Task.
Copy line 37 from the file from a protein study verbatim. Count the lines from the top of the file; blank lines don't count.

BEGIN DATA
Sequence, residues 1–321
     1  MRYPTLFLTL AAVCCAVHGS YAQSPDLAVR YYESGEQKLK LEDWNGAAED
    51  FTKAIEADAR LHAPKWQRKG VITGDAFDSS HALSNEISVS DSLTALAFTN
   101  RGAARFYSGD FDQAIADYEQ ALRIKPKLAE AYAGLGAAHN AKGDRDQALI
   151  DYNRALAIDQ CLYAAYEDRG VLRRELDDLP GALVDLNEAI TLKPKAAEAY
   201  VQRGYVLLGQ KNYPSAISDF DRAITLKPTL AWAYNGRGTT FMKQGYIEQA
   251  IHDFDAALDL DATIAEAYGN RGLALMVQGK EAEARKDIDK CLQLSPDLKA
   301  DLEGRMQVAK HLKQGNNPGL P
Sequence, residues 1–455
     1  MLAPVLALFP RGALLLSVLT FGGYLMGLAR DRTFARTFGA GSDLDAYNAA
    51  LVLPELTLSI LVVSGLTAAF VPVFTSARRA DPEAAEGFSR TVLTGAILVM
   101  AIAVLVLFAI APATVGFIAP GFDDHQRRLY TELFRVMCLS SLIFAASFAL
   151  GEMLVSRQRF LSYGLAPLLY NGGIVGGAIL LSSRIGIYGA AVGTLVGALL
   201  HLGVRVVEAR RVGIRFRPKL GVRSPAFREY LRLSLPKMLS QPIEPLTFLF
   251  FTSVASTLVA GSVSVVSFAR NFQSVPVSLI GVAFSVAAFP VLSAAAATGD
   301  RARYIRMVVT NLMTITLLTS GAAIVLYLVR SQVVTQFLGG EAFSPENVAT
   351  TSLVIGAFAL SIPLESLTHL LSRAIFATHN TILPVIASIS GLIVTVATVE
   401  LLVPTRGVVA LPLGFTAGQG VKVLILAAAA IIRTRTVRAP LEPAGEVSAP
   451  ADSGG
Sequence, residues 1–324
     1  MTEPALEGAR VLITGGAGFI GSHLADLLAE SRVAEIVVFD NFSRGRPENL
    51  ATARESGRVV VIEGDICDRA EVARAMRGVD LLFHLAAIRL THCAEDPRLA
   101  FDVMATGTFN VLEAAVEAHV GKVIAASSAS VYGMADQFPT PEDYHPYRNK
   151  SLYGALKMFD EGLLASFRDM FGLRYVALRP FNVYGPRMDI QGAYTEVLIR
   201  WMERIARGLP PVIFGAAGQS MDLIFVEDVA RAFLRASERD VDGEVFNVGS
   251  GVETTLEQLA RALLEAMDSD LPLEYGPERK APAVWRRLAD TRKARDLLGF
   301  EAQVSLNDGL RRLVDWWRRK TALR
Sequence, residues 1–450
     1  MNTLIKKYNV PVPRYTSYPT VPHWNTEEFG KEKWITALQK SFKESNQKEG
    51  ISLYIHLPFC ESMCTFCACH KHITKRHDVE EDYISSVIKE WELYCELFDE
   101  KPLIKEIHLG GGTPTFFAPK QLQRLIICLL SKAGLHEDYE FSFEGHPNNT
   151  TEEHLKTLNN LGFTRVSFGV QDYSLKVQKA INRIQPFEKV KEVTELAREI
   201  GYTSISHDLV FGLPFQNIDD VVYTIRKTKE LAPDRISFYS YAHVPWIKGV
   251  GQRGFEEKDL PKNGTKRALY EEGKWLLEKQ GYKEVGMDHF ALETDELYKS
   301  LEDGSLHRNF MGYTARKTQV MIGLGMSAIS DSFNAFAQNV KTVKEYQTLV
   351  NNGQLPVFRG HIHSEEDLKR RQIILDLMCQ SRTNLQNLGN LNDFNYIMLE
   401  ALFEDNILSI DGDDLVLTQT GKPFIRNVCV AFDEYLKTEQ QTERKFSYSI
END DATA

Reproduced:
   401  ALFEDNILSI DGDDLVLTQT GKPFIRNVCV AFDEYLKTEQ QTERKFSYSI